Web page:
Final Exam Essay Questions


Online students take the final exam entirely within WebCT. You access the Final Exam exactly the same way you have been accessing quizzes. You get maximum continuous two hours for the final exam.


The final exam is comprehensive, combination objective and essay. The essay portion will consist of three questions. WebCT randomly selects three questions for each student from the following list of questions. You must answer two of the three questions WebCT presents you. You cannot answer more than two questions.

The essay portion will comprise 50% of the total points on the final. Plan to write much longer essays than you have been writing for the quizzes. Your essay answers should be as complete as possible.


Please write essays in your own words, legibly using complete sentences in standard English. Any direct quote or close paraphrase without proper citation — any use of anybody else’s words without giving proper credit — is plagiarism. Any student who violates the academic code (e.g., by cheating or plagiarism) will, at minimum, receive a final course grade of F. This rule is rigidly enforced.





1.      What is the Ontological Argument? What is it intended to prove? Does it succeed?


2.      Explain any philosophical problems alluded to in the following:

Our God, some contend, is immutable;

And their faith is, indeed, irrefutable;

When He does what He should

It's because “He is good,”

When He doesn't, “His ways are inscrutable”.


3.      Does the existence of evil disprove the existence of a God who is all-powerful and all-good? Critically discuss Mackie's arguments on this question.


4.      What is Plato's Theory of Forms? What problems in metaphysics, epistemology, and ethics is it intended to solve? Does it work?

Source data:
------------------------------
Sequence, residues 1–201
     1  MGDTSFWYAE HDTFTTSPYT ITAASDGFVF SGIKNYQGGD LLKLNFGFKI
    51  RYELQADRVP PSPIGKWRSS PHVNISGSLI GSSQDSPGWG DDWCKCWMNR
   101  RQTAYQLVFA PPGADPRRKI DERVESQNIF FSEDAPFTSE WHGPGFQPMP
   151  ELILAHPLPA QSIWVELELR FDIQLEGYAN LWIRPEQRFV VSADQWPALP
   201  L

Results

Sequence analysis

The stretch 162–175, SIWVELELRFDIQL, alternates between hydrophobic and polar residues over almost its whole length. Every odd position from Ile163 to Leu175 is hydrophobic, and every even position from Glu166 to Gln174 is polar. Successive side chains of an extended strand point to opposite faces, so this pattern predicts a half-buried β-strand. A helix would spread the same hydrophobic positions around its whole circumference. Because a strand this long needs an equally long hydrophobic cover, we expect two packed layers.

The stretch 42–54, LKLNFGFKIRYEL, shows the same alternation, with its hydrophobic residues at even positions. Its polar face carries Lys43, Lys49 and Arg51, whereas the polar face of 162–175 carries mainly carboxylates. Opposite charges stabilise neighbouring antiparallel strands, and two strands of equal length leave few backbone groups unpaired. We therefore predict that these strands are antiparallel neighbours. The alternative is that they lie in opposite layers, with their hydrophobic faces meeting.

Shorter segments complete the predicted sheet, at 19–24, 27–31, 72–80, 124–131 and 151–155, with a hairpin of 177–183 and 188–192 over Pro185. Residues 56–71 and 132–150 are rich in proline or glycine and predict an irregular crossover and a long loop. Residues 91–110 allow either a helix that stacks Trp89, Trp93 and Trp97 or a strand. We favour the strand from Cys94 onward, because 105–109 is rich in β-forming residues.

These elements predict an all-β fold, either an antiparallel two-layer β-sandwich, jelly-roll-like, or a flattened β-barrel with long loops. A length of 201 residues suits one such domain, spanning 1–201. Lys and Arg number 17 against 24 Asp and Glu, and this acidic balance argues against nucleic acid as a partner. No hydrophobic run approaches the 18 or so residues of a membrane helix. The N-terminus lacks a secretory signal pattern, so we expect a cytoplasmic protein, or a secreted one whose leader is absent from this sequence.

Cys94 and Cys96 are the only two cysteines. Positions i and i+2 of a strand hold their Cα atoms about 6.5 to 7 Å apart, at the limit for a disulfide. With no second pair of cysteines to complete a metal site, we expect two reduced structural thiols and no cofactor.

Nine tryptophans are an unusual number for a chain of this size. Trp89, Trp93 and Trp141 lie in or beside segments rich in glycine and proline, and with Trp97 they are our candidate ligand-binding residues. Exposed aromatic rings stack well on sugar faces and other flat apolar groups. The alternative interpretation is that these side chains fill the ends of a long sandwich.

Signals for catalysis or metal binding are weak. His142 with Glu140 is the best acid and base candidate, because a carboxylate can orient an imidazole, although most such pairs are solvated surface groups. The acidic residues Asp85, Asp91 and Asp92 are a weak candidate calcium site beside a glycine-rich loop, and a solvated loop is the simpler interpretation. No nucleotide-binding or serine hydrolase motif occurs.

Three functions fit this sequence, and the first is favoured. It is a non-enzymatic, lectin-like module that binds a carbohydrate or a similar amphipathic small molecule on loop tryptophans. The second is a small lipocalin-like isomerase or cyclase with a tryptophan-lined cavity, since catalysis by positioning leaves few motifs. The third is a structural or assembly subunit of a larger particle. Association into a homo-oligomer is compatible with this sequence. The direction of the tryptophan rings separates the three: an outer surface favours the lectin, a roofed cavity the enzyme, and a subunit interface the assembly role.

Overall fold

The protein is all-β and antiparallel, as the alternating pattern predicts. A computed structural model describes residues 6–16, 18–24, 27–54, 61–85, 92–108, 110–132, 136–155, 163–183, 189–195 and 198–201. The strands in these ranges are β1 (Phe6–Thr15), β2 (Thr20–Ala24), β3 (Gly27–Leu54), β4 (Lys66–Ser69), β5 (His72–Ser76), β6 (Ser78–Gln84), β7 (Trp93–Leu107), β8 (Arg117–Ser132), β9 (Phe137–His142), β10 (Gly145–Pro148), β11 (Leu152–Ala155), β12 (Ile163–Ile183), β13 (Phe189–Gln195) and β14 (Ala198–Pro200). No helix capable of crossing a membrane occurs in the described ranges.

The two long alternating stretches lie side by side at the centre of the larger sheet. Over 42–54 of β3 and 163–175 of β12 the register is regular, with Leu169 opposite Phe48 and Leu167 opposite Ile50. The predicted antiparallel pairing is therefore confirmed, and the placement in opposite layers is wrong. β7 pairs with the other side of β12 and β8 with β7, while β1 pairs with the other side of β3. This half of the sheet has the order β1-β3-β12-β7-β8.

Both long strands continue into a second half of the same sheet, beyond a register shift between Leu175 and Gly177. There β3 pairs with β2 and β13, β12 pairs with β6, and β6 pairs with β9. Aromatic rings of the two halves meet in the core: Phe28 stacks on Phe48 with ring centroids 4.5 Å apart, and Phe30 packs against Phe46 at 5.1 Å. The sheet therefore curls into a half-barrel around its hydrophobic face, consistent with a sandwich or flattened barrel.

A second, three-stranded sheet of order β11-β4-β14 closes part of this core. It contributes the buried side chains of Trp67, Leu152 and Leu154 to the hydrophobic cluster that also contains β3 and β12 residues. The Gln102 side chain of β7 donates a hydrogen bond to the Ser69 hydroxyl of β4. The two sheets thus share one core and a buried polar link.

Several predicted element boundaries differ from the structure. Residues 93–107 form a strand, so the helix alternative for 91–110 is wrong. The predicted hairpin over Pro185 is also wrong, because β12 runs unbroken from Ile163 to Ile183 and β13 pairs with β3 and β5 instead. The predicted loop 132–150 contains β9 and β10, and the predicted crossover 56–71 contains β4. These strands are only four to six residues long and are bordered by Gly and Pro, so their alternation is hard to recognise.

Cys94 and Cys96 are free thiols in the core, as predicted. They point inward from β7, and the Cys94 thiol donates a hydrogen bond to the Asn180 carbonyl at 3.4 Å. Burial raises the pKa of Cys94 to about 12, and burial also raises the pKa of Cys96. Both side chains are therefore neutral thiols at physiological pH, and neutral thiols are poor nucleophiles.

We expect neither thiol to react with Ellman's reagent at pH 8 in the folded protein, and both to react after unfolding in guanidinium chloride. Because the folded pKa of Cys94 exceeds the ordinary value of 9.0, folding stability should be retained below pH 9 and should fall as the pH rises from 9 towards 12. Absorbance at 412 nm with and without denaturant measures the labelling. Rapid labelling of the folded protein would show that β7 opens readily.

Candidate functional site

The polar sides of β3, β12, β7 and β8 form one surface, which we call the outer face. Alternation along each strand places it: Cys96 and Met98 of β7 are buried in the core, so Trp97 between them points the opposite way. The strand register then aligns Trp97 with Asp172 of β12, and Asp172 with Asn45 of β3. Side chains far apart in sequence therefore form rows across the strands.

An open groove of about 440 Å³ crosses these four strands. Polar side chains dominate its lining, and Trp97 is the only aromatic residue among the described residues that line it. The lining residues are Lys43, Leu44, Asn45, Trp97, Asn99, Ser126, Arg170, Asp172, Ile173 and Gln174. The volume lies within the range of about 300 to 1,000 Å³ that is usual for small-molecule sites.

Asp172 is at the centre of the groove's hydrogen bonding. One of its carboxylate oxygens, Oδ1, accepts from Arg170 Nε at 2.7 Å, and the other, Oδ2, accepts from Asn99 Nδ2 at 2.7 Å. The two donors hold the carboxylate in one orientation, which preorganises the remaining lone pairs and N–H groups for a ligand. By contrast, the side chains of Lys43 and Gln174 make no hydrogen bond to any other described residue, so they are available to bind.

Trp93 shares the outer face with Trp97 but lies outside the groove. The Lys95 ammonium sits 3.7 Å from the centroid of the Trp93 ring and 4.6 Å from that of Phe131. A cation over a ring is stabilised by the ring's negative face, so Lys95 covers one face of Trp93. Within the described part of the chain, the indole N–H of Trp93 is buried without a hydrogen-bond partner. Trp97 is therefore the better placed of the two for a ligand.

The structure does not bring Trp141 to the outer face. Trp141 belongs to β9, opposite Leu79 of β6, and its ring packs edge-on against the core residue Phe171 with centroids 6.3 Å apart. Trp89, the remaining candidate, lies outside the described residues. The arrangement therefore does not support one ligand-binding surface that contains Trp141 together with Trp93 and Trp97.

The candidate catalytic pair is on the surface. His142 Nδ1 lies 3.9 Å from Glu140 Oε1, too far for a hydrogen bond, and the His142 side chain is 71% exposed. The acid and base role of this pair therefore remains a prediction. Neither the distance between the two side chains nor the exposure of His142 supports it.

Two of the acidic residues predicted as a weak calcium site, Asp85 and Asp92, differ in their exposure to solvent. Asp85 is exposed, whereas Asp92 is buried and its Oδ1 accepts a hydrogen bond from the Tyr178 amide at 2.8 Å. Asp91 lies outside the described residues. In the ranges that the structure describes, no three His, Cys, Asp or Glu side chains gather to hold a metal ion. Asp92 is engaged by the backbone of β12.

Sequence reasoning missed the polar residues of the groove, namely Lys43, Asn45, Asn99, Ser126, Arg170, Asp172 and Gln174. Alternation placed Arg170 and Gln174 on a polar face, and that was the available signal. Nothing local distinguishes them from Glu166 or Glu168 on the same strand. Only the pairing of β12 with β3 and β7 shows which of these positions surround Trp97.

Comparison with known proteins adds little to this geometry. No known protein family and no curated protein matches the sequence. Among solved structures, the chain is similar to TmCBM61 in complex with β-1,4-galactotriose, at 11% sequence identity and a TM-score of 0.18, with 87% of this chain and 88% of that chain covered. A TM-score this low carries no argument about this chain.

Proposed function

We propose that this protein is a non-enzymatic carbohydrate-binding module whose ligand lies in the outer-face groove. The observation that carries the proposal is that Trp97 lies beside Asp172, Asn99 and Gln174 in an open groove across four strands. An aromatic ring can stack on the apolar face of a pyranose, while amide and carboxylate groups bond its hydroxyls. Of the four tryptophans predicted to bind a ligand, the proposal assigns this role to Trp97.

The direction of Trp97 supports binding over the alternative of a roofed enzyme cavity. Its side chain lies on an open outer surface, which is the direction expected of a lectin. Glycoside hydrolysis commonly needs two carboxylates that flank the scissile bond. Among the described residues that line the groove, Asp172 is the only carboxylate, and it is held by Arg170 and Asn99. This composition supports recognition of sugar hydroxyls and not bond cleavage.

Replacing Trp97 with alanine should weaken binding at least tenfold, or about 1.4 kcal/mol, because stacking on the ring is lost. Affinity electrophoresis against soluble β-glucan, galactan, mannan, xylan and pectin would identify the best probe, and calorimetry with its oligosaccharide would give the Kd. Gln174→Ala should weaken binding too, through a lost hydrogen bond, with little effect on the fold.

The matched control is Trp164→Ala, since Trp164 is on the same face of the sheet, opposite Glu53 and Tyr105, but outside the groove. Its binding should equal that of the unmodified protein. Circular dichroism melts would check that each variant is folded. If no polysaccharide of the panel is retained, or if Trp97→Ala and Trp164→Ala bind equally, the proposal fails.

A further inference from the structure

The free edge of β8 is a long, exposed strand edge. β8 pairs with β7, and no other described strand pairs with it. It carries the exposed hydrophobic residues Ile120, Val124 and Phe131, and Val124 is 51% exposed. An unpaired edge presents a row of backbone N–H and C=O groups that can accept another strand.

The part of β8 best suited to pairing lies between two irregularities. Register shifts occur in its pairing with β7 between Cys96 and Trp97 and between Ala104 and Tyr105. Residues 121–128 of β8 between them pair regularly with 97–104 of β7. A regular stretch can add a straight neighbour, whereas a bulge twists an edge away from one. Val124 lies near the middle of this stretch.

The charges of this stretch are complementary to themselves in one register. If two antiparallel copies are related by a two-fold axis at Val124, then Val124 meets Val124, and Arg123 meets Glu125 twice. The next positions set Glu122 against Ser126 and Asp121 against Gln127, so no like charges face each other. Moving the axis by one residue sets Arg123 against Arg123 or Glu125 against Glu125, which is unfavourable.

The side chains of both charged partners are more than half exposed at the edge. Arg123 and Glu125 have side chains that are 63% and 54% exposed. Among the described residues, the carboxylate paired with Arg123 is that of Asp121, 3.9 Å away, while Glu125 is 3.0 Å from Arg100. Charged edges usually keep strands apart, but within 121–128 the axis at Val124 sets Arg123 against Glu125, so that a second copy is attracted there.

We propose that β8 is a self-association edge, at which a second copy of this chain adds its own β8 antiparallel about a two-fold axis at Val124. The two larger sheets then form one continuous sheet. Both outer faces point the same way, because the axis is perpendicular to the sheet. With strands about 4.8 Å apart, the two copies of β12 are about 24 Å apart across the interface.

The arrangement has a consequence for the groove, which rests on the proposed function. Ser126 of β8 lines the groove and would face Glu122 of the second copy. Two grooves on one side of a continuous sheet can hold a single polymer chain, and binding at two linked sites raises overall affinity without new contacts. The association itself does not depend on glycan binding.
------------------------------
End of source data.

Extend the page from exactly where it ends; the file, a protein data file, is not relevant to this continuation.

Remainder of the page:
5.      Your lover says “After studying Plato I realize that I don’t love you at all. I can only love your beauty, your goodness, your intelligence, your courage, and so on.” Should this bother you?  Explain clearly why Plato thinks individuals are unknowable.


6.      Dave's car's fuel gauge, which has always been reliable, says he will run out of gas soon. But Dave is convinced that there is no necessary connection between causes and effects, and no guarantee that the future will resemble the past. So Dave doesn't buy any gas. Dave runs out of gas in Gilroy and calls you to come and rescue him. Should you be annoyed at Dave for being irrational? To what philosopher(s) does Dave owe these views? How does that philosopher support these views? What philosopher(s) have opposed these views, and why?


7.      What is logical positivism? What arguments can be advanced for and against it?


8.      Critically analyze Gilbert Ryle’s contributions to twentieth-century philosophy.


9.      Why are philosophers interested in the writings of non-philosophers such as Freud, B. F. Skinner, and Ruth Benedict? In answering this question, please explain the ideas of Freud, Skinner, and Benedict, and show why their ideas would be of interest to philosophy.


10.  Soft determinism has been adopted by many famous philosophers, including Descartes and Hume. What is soft determinism (be precise) and what are its chief weaknesses?